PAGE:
Gabby Elbaz-Greener, a new student at Hadassah’s School of Occupational Therapy on Mount Scopus, was on the bus one morning when a young man sat next to her, then kept looking at her. To her relief, he moved to the back, carrying his heavy briefcase with him. When the bus stopped, he hit the bomb switch.
The bus was torn apart. A hundred passengers were injured. Four died. One of Gabby’s femoral arteries and her carotid artery, which brings blood to the brain, were shredded. “I don’t want to die here without my family.” A medic saw she was still breathing.
She was stabilized at Hadassah Mount Scopus, then sped across town to Hadassah Ein Kerem where vascular surgeons struggled for eight hours to save her life. Hadassah’s doctors and nurses are there 7 days a week, 24 hours a day for patients like Gabby — because of donors like you.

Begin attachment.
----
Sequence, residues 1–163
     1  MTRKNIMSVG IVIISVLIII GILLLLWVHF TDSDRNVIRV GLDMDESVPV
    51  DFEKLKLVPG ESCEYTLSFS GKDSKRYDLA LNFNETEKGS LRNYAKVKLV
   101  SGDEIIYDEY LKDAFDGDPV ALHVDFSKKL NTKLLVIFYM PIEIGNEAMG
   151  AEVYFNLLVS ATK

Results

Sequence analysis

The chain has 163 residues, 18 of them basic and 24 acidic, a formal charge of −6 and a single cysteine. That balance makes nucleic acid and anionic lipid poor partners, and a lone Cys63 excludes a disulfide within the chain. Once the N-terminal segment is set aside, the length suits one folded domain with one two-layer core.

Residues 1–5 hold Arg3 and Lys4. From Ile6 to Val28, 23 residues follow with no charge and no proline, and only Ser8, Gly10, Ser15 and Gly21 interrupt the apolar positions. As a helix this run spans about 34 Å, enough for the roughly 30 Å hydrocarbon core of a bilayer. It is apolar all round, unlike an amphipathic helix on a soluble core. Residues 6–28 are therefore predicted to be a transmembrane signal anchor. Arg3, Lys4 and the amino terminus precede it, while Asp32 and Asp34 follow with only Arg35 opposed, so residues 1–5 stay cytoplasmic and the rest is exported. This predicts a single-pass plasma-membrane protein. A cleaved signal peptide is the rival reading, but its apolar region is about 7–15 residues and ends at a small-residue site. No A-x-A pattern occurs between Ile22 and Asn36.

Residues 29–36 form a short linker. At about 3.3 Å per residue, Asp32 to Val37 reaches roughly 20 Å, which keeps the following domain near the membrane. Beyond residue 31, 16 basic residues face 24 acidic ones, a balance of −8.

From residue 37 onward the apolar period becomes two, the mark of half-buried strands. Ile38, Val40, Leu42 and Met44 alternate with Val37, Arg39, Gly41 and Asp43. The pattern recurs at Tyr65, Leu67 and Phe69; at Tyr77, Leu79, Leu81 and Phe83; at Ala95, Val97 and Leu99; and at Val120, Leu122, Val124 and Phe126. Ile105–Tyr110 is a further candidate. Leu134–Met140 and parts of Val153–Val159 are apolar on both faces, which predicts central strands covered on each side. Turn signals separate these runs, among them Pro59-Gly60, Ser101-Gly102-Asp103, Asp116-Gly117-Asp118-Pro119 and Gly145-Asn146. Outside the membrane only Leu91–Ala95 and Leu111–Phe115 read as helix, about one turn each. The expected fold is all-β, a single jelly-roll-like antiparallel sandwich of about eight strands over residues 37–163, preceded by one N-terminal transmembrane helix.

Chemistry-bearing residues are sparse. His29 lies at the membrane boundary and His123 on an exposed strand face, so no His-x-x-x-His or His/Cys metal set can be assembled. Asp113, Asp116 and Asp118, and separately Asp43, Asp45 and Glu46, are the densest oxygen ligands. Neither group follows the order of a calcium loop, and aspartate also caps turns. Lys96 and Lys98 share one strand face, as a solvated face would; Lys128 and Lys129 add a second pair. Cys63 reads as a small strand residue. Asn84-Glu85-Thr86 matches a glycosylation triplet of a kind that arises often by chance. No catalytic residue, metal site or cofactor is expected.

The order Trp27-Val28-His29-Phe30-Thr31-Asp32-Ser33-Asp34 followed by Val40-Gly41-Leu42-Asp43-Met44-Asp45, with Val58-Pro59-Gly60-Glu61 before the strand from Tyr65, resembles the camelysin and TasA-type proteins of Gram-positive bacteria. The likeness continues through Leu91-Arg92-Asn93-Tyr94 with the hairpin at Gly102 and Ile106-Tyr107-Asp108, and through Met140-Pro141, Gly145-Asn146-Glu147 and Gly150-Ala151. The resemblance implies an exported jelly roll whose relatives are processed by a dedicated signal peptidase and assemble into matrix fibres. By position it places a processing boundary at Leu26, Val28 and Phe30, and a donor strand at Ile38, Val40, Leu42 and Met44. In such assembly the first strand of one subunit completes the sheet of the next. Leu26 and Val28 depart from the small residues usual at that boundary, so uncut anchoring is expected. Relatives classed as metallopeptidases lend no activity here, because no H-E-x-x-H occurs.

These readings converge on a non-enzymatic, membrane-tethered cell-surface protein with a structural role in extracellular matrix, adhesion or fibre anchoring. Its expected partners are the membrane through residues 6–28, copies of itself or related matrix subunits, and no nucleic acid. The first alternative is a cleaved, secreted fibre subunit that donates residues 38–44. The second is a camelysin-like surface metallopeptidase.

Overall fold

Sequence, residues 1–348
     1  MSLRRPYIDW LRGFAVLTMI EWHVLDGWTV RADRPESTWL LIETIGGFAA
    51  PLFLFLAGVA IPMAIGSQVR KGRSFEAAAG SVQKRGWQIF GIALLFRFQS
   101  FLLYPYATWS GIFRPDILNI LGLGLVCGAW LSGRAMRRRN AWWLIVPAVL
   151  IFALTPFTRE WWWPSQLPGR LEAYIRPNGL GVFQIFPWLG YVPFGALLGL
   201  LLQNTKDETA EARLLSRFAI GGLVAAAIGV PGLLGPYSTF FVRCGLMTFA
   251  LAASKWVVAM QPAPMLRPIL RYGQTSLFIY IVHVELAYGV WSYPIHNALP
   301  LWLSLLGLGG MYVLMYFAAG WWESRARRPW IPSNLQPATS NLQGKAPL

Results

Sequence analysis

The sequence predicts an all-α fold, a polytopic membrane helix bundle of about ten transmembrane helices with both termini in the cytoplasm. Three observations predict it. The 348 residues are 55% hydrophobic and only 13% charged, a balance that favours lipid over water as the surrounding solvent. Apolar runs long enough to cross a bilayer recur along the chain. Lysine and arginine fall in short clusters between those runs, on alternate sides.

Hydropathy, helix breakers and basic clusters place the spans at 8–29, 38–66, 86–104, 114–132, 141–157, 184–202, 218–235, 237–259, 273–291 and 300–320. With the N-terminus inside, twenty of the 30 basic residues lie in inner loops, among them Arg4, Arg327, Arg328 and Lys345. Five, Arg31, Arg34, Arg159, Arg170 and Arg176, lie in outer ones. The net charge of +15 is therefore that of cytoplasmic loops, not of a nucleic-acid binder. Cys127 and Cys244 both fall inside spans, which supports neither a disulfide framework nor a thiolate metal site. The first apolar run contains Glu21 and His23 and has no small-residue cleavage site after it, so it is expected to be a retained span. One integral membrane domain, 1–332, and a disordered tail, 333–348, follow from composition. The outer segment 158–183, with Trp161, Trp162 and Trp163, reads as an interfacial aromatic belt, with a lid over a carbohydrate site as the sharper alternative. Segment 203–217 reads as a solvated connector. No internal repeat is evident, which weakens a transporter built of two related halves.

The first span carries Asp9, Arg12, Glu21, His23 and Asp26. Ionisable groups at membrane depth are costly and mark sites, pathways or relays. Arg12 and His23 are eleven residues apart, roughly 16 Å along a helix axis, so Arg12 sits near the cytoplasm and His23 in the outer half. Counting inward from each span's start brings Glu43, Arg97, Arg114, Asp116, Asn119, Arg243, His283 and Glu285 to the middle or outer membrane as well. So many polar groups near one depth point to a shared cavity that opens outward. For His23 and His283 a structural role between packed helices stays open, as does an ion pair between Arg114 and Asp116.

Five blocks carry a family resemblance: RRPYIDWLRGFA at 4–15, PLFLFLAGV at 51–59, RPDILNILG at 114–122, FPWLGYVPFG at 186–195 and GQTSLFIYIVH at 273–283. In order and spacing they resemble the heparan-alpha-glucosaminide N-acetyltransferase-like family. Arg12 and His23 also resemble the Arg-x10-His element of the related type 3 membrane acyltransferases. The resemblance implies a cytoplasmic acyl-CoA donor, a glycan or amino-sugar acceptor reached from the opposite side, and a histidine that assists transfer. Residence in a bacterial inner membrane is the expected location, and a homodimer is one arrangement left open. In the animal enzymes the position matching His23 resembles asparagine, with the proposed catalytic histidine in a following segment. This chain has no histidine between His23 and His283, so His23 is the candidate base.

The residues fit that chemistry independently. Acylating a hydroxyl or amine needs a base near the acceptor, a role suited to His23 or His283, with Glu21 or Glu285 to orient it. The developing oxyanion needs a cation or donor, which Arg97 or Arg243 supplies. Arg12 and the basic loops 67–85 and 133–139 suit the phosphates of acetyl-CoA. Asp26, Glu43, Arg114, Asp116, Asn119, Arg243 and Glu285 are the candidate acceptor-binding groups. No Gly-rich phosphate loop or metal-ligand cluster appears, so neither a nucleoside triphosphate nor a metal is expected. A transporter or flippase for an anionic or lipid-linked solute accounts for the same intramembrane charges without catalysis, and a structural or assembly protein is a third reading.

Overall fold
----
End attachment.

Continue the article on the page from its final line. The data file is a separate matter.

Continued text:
Surprising, a month later, she was back at Mount Scopus, studying occupational therapy while undergoing physical, occupational and neurological therapy at Hadassah’s pioneering center. That is when she decided she wanted to be a physician.
Today, at 44, she is an interventional cardiologist at Hadassah Ein Kerem. “Every day I look at my patients and think how grateful I am to be able to give back where my own life was saved,” says Dr. Elbaz-Greener. “I can never thank Hadassah enough.”